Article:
Author Topic: Stockhausen's Spaceship  (Read 347078 times)

0 Members and 1 Guest are viewing this topic.

Offline EigenUser

  • Veteran member
  • *
  • Posts: 3328
  • Mahler's 9th - "Deadlifts in the midst of life"
    • Ligeti's Laboratory
  • Location: Northern VA
  • Currently Listening to:
    Bartok, Ligeti, Ravel, Gershwin, Debussy, Mendelssohn, Schumann, Feldman, Messiaen, Haydn, Ockeghem, Adès, Mahler, Ohana, Webern, Boulez, Varese, Beethoven, Berg, Scriabin, Tippett, Takemitsu, Vaughan-Williams
Re: Stockhausen's Spaceship
« Reply #760 on: May 15, 2014, 01:24:19 PM »
I like electronic sounds but frankly I don't like the sounds KS chose for his later works.  I'm sure this must've been discussed here before, but his synth patches are kind of dated sounding.  It's too bad he didn't choose to record a violin playing all the notes of Cosmic Pulses and then use the computer to do all the spacial panning and "speeding up".  Or even a Garritan sampler, those sound great!
They are definitely different. I don't really care for either, but for some reason I find the later ones easier to listen to. All I can think of with the earlier sound (i.e. "Kontakte") is a dial-up modem. The metallic percussive sound of "Cosmic Pulses" is more interesting I think -- plus, the structure of the piece isn't hard to follow. While I'm sure that "Kontakte" is organized, I can't hear it well. Maybe that shouldn't bother me, but it does  :-\.

Missed that one. Just started it.
Ehh, didn't care for this one. By the way James, thanks for the recommendation of "Tierkreis". It is really a great piece. Is it considered one of his more obscure works? It isn't praised like "Kontakte" or "Gruppen" (or, at least, doesn't seem to be).

Do you collect scores of his, or just recordings? I might (in the future) get the score.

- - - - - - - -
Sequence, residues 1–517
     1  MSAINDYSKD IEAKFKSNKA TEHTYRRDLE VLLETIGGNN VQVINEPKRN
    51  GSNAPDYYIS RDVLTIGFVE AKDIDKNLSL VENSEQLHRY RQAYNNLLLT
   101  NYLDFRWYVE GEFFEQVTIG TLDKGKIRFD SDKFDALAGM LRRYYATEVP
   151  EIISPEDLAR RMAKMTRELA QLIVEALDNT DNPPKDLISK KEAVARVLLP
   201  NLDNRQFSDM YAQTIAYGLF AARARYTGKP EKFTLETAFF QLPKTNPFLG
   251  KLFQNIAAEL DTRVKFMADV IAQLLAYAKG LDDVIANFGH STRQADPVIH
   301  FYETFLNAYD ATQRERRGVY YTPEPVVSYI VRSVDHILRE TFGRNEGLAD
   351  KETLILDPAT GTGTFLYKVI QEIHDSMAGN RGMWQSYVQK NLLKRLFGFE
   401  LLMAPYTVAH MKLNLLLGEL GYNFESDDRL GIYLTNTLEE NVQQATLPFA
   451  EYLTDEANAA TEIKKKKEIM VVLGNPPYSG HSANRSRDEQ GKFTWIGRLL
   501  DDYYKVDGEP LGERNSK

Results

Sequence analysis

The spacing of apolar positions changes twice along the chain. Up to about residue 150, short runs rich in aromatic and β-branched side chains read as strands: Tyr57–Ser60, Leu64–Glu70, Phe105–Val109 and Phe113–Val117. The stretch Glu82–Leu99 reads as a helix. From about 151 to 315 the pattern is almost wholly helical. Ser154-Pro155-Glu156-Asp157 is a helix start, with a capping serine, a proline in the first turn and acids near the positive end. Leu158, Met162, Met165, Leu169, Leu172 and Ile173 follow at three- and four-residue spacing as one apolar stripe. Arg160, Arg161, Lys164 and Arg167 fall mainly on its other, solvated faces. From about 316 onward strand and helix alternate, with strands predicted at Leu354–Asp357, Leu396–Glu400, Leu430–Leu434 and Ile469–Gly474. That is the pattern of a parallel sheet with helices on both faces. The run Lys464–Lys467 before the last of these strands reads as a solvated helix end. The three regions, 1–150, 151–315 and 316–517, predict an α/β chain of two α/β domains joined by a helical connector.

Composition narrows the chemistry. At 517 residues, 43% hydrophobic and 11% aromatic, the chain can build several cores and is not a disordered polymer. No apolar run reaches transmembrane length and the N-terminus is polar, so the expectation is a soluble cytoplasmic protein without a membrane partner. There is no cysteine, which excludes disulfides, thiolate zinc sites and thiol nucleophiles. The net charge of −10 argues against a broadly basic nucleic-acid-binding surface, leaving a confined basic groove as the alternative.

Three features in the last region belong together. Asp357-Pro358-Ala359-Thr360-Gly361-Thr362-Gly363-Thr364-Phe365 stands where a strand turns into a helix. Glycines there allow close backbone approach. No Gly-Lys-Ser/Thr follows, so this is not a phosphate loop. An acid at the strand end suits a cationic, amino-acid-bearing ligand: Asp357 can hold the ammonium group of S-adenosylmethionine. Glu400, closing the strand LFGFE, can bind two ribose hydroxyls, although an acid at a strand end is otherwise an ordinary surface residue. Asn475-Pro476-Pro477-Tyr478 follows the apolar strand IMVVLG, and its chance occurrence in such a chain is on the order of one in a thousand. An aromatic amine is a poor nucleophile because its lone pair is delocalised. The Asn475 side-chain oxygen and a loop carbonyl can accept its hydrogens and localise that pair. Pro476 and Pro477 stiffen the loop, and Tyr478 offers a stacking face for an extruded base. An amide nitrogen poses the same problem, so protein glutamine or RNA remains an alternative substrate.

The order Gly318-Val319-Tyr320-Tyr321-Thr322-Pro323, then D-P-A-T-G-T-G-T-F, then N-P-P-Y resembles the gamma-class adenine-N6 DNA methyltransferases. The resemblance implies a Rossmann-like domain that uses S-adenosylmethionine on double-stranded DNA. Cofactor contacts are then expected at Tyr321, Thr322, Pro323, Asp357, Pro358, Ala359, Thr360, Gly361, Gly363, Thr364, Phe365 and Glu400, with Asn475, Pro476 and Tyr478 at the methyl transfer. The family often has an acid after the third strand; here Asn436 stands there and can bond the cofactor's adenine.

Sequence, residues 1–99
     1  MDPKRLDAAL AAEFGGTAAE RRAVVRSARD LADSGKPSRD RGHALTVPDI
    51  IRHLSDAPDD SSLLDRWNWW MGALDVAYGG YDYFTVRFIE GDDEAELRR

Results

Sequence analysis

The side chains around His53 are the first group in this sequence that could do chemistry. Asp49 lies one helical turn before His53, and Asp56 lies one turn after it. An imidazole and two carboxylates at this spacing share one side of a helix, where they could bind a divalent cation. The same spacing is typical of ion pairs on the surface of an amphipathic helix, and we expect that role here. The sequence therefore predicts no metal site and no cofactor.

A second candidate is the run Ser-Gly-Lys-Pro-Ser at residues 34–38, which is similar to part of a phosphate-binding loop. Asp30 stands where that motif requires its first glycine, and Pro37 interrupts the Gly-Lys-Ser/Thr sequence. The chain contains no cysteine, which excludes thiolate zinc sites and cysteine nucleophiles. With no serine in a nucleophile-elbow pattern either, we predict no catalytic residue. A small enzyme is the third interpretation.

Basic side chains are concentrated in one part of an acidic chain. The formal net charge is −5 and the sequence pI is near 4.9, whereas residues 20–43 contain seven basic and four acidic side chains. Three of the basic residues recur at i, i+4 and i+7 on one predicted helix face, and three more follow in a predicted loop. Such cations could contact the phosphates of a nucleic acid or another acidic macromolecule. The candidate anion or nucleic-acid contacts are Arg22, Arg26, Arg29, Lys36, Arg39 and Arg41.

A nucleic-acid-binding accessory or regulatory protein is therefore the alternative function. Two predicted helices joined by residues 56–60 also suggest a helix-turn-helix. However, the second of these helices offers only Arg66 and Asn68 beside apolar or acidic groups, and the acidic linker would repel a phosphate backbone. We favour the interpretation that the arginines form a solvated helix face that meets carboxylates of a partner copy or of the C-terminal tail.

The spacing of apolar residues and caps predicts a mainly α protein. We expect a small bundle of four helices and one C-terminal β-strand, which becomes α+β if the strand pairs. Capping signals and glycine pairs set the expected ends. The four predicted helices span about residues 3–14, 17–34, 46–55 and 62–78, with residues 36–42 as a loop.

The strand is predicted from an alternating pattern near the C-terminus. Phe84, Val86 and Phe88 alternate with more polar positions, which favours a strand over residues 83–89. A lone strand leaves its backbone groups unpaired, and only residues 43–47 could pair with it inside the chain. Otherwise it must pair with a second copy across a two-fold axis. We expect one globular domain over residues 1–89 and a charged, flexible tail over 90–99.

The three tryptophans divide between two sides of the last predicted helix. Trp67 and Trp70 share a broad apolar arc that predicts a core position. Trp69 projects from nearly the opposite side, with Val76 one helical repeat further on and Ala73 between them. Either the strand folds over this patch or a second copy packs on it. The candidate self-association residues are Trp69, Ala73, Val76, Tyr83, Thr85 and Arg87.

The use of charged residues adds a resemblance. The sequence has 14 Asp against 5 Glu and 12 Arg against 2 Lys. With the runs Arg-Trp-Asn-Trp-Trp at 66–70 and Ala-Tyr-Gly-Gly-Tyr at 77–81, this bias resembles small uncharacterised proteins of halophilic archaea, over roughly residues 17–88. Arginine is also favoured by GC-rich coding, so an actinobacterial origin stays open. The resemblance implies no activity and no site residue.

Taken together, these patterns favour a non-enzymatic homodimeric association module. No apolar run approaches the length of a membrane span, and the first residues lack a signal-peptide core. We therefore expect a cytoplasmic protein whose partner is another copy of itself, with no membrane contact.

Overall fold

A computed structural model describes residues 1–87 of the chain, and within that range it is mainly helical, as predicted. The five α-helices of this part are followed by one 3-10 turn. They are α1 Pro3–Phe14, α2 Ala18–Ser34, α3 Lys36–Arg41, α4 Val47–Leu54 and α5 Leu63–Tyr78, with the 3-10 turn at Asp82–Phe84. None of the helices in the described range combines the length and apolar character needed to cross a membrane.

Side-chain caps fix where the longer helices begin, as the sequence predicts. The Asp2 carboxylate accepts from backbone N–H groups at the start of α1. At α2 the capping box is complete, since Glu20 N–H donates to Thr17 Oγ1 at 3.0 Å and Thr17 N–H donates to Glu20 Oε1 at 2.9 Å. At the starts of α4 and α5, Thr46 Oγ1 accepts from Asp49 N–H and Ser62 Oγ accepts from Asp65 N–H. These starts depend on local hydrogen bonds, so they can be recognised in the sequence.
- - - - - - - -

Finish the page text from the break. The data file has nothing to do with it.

Also, why is there early applause in the YouTube recording?
« Last Edit: May 15, 2014, 02:45:40 PM by EigenUser »
Beethoven's Op. 133 -- A fugue so bad that even Beethoven himself called it "Grosse".

Offline EigenUser

  • Veteran member
  • *
  • Posts: 3328
  • Mahler's 9th - "Deadlifts in the midst of life"
    • Ligeti's Laboratory
  • Location: Northern VA
  • Currently Listening to:
    Bartok, Ligeti, Ravel, Gershwin, Debussy, Mendelssohn, Schumann, Feldman, Messiaen, Haydn, Ockeghem, Adès, Mahler, Ohana, Webern, Boulez, Varese, Beethoven, Berg, Scriabin, Tippett, Takemitsu, Vaughan-Williams
Re: Stockhausen's Spaceship
« Reply #761 on: May 15, 2014, 03:27:01 PM »
Tierkreis is one his most popular & recorded works actually, 12 melodies or tunes, and material from it was used as the basis for many different versions and compositions through his life  .. (KS really knew how to use his material and could realize almost infinite possibilities). In fact, you mention you had listened to Sirius recently .. well, the seed material for that vast theater piece is Tierkreis's melodies .. and it occurs throughout every layer of that work's amazing polyphonic structure, including the electronic score that accompanies the 4 live performers.

I don't collect scores. There is applause because it is a live recording.

Yeah, but then they start playing again...
Beethoven's Op. 133 -- A fugue so bad that even Beethoven himself called it "Grosse".

Offline Rex

  • Full Member
  • *
  • Posts: 19
  • Location: New Zealand
Re: Stockhausen's Spaceship
« Reply #762 on: May 15, 2014, 08:29:03 PM »